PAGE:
paras 3 & 4 deleted by A30/41

I.         Camouflage Colouring of British Aircraft, including American and Allied Types in use by British Air Forces

5.      Explanation of terms

(i)     Temperate land scheme camouflage. - This consists of two colours DARK GREEN and DARK EARTH.  Aircraft of the Middle East Command are coloured MIDSTONE in place of the DARK GREEN.

(ii)     Temperate sea scheme camouflage. - This consists of two colours DARK SLATE GREY and EXTRA DARK SEA GREY.

(iii) Upper surface.-This term comprises all surfaces visible in plan view from above, together with the following miscellaneous surfaces :-

(a)          Top surfaces of the lower main planes of biplanes.

(b)          Upper surfaces of floats of float-planes.

(c)           Inter-plane struts on biplanes.

 (iv) Under-surfaces.-This term comprises all surfaces visible in plan view from below, including the following :-

(a)           Under-surfaces of the upper main planes of biplanes.

(b)           Fixed undercarriage and float supporting struts.

(c)           Wheel spats on fixed undercarriages and under-surfaces of floats.

(v) Side surfaces.-This term comprises all major surfaces visible in side view, including both sides of fins and rudders.  Except as otherwise provided in this order, tail unit side surfaces are to be coloured as upper surfaces.  All other side surfaces will be proportionately painted in the colour prescribed for upper and under-surfaces respectively, the dividing line being determined by the relative amount of side surface visible when viewed from directly above or directly below.  At this dividing line the two contrasting colours of upper and under surfaces are to be merged into one another so as not to form a definite line of demarcation.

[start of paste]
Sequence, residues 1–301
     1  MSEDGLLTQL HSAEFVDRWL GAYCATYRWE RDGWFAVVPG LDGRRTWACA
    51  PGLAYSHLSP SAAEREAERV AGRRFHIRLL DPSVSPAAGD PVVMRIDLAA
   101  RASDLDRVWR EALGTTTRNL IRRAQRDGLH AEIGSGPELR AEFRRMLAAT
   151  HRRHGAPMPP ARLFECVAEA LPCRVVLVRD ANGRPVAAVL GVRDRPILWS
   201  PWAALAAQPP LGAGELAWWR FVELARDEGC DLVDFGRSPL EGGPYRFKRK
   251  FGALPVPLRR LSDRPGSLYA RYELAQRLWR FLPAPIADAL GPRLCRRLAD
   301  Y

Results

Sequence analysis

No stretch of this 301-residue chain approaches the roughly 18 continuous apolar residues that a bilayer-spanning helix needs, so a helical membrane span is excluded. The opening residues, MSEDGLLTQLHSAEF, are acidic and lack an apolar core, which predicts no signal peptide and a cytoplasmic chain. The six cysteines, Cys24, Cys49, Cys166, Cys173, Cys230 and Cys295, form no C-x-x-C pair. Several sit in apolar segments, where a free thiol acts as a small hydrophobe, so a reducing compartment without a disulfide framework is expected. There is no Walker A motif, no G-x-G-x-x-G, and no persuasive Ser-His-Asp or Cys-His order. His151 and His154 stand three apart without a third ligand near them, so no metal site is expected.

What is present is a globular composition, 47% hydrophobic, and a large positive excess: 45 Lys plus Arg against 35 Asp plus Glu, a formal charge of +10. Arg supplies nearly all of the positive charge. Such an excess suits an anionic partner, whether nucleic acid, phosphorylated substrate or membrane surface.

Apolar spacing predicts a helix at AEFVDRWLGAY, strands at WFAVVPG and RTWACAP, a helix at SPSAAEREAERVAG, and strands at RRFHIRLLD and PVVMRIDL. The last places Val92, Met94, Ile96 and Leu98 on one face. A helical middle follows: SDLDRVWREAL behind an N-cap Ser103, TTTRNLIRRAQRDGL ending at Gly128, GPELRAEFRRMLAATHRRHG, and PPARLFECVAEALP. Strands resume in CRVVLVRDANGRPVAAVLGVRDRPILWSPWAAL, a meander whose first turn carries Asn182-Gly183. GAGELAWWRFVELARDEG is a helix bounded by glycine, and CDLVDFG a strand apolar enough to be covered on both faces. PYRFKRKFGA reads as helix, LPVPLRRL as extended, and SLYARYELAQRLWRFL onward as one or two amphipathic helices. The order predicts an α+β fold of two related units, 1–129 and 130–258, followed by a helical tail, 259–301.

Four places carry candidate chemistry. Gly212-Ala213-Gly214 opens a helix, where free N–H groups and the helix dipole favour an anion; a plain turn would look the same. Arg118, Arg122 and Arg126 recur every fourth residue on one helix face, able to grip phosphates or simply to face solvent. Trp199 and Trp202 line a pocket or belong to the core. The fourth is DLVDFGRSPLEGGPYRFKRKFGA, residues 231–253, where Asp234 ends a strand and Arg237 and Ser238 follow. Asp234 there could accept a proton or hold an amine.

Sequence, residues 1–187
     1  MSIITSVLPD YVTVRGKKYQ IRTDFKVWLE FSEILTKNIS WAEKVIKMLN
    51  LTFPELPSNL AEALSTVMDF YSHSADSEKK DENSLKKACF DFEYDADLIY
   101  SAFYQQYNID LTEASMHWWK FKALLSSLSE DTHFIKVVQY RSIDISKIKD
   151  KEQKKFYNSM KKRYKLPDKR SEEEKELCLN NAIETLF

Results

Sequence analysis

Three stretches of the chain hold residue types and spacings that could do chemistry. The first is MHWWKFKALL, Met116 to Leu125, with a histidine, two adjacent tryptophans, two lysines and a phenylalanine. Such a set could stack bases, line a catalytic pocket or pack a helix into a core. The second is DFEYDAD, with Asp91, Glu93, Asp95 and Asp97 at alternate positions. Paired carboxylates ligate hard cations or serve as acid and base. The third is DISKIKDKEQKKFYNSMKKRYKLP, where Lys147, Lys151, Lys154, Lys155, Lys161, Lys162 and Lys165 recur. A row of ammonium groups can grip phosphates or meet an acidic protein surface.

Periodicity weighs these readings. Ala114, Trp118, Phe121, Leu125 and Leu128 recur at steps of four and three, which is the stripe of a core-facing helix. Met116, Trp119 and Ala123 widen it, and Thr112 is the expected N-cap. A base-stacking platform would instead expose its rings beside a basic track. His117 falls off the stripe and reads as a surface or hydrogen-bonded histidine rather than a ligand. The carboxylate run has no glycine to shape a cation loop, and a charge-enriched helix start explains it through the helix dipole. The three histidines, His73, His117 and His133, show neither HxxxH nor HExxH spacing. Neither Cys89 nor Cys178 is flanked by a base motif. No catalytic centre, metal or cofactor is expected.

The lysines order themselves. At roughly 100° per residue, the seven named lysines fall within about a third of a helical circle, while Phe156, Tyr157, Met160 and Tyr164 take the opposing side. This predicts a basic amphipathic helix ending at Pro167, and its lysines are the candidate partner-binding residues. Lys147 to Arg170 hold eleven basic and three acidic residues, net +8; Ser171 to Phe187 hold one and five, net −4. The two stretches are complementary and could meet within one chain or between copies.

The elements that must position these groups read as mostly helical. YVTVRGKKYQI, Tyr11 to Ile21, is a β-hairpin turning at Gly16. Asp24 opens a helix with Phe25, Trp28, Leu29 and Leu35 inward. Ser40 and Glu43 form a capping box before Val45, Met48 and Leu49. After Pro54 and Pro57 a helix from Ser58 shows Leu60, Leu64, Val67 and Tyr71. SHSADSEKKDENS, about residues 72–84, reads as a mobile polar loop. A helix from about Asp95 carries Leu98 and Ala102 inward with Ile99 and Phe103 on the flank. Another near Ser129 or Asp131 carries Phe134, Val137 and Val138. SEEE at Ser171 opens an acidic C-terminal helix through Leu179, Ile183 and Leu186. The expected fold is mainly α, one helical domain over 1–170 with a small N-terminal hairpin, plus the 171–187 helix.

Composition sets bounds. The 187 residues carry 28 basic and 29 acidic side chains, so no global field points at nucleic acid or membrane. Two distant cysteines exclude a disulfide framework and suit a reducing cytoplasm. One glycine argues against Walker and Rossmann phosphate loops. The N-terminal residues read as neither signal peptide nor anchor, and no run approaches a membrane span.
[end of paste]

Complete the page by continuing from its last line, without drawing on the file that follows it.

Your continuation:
Exception.-On aircraft the under-surfaces of which are painted yellow (see para. 6 (ii) (b) and (g) below) the upper surface camouflage is to be extended downwards to cover the whole of the side surfaces of the fuselage and, in addition, the wheel spats and undercarriage fairings of such aircraft with fixed undercarriages are to be camouflaged as for upper surfaces.

6.  Colour schemes of landplanes, except Fleet Air Arm aircraft.-

(i)    Upper surfaces.-The upper surfaces of all landplanes, except Fleet Air Arm and night fighter aircraft, but including target (pilotless) aircraft, are to be camouflaged in the temperate land scheme, but bomber aircraft with matt black under-surfaces may also have fins and rudder painted black.  Night fighters are to be coloured matt black (special night) on all surfaces.  National markings are not to be altered or obscured.